6 of the Biggest Keyword Research Mistakes to Avoid
Search Engine Optimization, or SEO, is one of the top methods used by digital marketers to get their product or service in front of prospective customers. Good marketing teams spend a lot of time strategizing how to drive quality traffic to their website and increase conversions, the essence of SEO. The key to a great SEO strategy is a thorough knowledge of your target customers and how, exactly, they find and purchase products and services via the web. Additionally, a successful SEO strategy is based on a familiarity with the ways search engine bots, or crawlers, navigate and rank web pages when a prospect is looking for a specific product or information.
Though many digital marketers understand that keywords are the basis of SEO, it’s easy to neglect a variety of campaign facets capable of making or breaking your content’s visibility. What you do in your SEO strategy is crucial to your success and avoiding common mistakes will help you achieve that coveted first-page Google ranking.
Read on to learn about six common keyword research mistakes that can tank your SEO efforts, and what you can do to avoid them.
Mistake #1: Not using your target audience’s real search terms
It’s easy for digital marketers to pack content with keywords (including branded terms or jargon) they believe searchers will be using, but those assumptions might not reflect the actual ways customers think, use, and locate a particular product or service.
This is why it is crucial to get outside your team’s marketing groupthink and investigate how your target audience is really talking about the product, including on social media, internet forums, review websites, customer call transcriptions, and more. Often, you might discover that the keyword you think is the perfect descriptor is not used at all, and a simpler, long-tail keyword is what will drive qualified leads to your site. Remember, people often don’t know the exact term they’re looking for, so they may use search phrases that seem indirect, vague, or oversimplified, which simply provides you with another SEO tactic you can use.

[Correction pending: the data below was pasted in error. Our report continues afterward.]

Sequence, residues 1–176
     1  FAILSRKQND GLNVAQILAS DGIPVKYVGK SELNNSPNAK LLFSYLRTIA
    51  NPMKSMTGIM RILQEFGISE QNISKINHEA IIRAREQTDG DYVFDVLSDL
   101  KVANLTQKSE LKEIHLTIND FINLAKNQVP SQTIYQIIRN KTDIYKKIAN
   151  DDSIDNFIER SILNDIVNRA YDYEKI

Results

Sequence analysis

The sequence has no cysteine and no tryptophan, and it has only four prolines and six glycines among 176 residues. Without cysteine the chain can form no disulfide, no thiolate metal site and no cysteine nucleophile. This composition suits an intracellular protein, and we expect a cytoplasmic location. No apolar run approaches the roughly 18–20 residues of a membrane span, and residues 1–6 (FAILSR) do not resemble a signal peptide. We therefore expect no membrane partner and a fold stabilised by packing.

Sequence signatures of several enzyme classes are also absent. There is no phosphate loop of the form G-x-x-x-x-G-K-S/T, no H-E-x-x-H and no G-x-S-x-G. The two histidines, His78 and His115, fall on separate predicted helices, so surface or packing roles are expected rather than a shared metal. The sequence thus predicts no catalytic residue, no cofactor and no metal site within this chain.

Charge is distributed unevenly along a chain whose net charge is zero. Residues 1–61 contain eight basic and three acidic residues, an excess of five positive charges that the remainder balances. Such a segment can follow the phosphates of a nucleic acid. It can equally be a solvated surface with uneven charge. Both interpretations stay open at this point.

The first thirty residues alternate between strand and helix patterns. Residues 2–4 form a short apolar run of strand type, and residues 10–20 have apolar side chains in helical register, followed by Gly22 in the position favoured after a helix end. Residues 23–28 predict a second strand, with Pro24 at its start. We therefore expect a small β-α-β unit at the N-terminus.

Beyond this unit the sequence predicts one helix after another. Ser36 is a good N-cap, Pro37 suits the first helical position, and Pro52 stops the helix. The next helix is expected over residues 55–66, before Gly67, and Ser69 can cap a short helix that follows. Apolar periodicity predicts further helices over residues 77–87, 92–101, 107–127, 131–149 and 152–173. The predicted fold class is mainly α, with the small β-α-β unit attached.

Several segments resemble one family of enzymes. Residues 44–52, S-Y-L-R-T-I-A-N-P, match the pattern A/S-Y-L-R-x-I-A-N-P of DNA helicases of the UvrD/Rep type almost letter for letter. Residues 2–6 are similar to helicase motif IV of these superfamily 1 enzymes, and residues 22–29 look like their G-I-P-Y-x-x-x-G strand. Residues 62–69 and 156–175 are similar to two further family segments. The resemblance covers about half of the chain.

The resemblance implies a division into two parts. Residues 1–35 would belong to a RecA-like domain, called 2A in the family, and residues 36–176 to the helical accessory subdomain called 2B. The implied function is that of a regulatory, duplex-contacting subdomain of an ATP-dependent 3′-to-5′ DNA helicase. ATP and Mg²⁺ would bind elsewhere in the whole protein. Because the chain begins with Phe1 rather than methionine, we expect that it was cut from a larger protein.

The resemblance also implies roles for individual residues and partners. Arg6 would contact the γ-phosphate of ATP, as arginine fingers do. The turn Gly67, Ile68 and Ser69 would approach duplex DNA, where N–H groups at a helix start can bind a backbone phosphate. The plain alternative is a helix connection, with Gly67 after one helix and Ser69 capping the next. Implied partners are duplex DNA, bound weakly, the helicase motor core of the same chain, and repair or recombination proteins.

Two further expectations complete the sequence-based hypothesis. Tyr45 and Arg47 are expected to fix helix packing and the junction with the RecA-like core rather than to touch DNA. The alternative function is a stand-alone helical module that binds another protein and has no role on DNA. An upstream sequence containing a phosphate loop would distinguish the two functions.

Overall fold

Solution: Regularly review regions of the internet where real-life users and customers talk about products and services in your industry. Adopt a software that provides call transcriptions of current and prospective customers’ calls to your team. Examine the way they talk about the product they’re looking for and how they want to use it and pay for it. Compare the terminology and phrases they use with monthly searches. Adjust your content to match the everyday way others talk about and search for your product.
Mistake #2: Ignoring search intent
A common mistake brands make is ignoring the reasons why a customer is searching for a specific product or service. According to Google’s search quality evaluator guidelines, “search results should help people” and “provide authoritative and trustworthy information, not lead people astray with misleading content.” This “misleading content” is a sure way for your pages to be tossed aside by crawlers in favor of more accurate content.
So what might a customer’s search intent look like? There are four main reasons a customer might create a search: navigational, transactional, informational, or commercial investigation.
- During a navigational search, a customer already has an idea of the brand or exact product they want to buy, and your job is to create content that helps them land on the exact page they’re looking for through accurate meta descriptions, titles, and content.
- Transactional search intent is when a customer is ready to purchase, sign up, or engage with a company. They’re on a mission to complete a conversion. The ease of navigation on your site is very important at this stage for driving revenue.
- Informational search intent is about purposeful research, and a good long-tail keyword to rank for an informational search might include the words, “how to” or “what is.” Any blogs, articles, or content that presents solutions or expert information (and the right blend of keywords) for that informational search will find themselves ranking highly.